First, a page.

Bringing back the blog quietly, just to see how it goes. All kinds of fun has been happening over the last few weeks, shame you missed it. There’s no going back now.
One of the rights of passage for student nurses is the OSCE (objective structured clinical examination). It’s kind of an assessed role play. Theatre for the terrified. So today, in the presence of an eminent scholar, I had a conversation with and then injected a plastic bum.
Beforehand, my nerves had been getting the better of me and it might have gone badly were it not for some people I met while waiting for the lift. Firstly, there was the man in the waistcoat. I know him a little and it’s always nice to see him but this was extra special because he was wearing a tweed waistcoat over his floral shirt. Appearances aren’t everything for sure. In fact they mostly aren’t anything, but this man is not usually a waistcoat wearer and this slightly dressy look suited him. He hung around long enough to be embarrassed when I told him so, and then took the stairs. I’m not saying my compliment and his walking up three floors are connected in any way but…………
I called the lift again and when I turned back it was to a small child in a pushchair. This is an unusual occurrence in a university building. Why was here there? What was he studying or was he a visiting lecturer? He giggled and showed me his teether. It was a beautiful moment. The child was accompanied by two people shy but very happy people who I met this time last year when their son was newborn. They had stopped especially to say hello to me and it was meaningful given their awkwardness around people. They could just have walked on. I was glad to be meeting them in much happier circumstances than before. It was the best of social encounters.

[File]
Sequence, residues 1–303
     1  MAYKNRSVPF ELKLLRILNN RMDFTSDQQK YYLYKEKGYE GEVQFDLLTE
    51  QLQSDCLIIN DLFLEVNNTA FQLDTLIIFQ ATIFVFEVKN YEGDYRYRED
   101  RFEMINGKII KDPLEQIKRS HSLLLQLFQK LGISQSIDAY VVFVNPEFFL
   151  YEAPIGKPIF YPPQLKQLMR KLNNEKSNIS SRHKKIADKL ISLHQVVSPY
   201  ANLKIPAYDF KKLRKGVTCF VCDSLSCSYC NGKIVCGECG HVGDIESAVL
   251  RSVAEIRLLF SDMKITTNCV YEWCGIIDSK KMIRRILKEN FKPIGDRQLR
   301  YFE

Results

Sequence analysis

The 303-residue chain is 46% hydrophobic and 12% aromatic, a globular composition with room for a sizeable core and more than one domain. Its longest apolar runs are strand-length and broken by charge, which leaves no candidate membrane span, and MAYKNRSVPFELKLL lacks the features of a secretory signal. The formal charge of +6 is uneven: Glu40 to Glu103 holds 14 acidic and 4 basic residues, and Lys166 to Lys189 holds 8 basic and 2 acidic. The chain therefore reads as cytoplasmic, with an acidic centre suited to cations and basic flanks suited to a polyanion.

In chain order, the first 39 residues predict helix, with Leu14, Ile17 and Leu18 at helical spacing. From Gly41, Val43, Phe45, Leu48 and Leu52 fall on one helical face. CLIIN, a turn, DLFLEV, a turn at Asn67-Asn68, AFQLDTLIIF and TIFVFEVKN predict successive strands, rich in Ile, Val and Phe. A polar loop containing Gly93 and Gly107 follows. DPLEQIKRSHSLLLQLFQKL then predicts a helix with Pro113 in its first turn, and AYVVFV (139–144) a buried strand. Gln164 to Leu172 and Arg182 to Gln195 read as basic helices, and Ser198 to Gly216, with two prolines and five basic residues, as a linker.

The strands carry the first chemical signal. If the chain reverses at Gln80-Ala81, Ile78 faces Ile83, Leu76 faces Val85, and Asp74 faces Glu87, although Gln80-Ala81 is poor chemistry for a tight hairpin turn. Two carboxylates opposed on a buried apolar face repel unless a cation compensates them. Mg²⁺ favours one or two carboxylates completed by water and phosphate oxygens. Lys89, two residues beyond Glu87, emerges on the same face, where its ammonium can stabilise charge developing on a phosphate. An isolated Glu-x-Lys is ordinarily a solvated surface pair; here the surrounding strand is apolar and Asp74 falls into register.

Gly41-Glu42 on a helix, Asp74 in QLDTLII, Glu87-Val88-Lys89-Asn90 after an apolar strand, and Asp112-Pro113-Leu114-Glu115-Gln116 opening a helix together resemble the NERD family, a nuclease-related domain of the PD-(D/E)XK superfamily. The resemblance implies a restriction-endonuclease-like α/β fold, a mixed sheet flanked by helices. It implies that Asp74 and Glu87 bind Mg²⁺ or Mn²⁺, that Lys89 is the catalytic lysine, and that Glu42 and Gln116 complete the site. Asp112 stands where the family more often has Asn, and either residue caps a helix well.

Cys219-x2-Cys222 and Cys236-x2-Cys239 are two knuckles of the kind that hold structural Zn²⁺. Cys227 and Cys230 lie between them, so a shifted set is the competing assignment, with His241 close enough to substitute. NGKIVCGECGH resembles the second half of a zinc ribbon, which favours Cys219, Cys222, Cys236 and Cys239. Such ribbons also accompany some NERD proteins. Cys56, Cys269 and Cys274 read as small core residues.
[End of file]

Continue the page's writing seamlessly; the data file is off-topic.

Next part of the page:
The angels by the lift had settled my nerves just enough (we’ll overlook the needle stuck on the syringe and my inability to calculate the date two weeks from today etc). I passed, and since it was the last OSCE, qualifying feels closer. After Christmas there will be people who might need an injection. Bottoms of flesh. There may also be angels.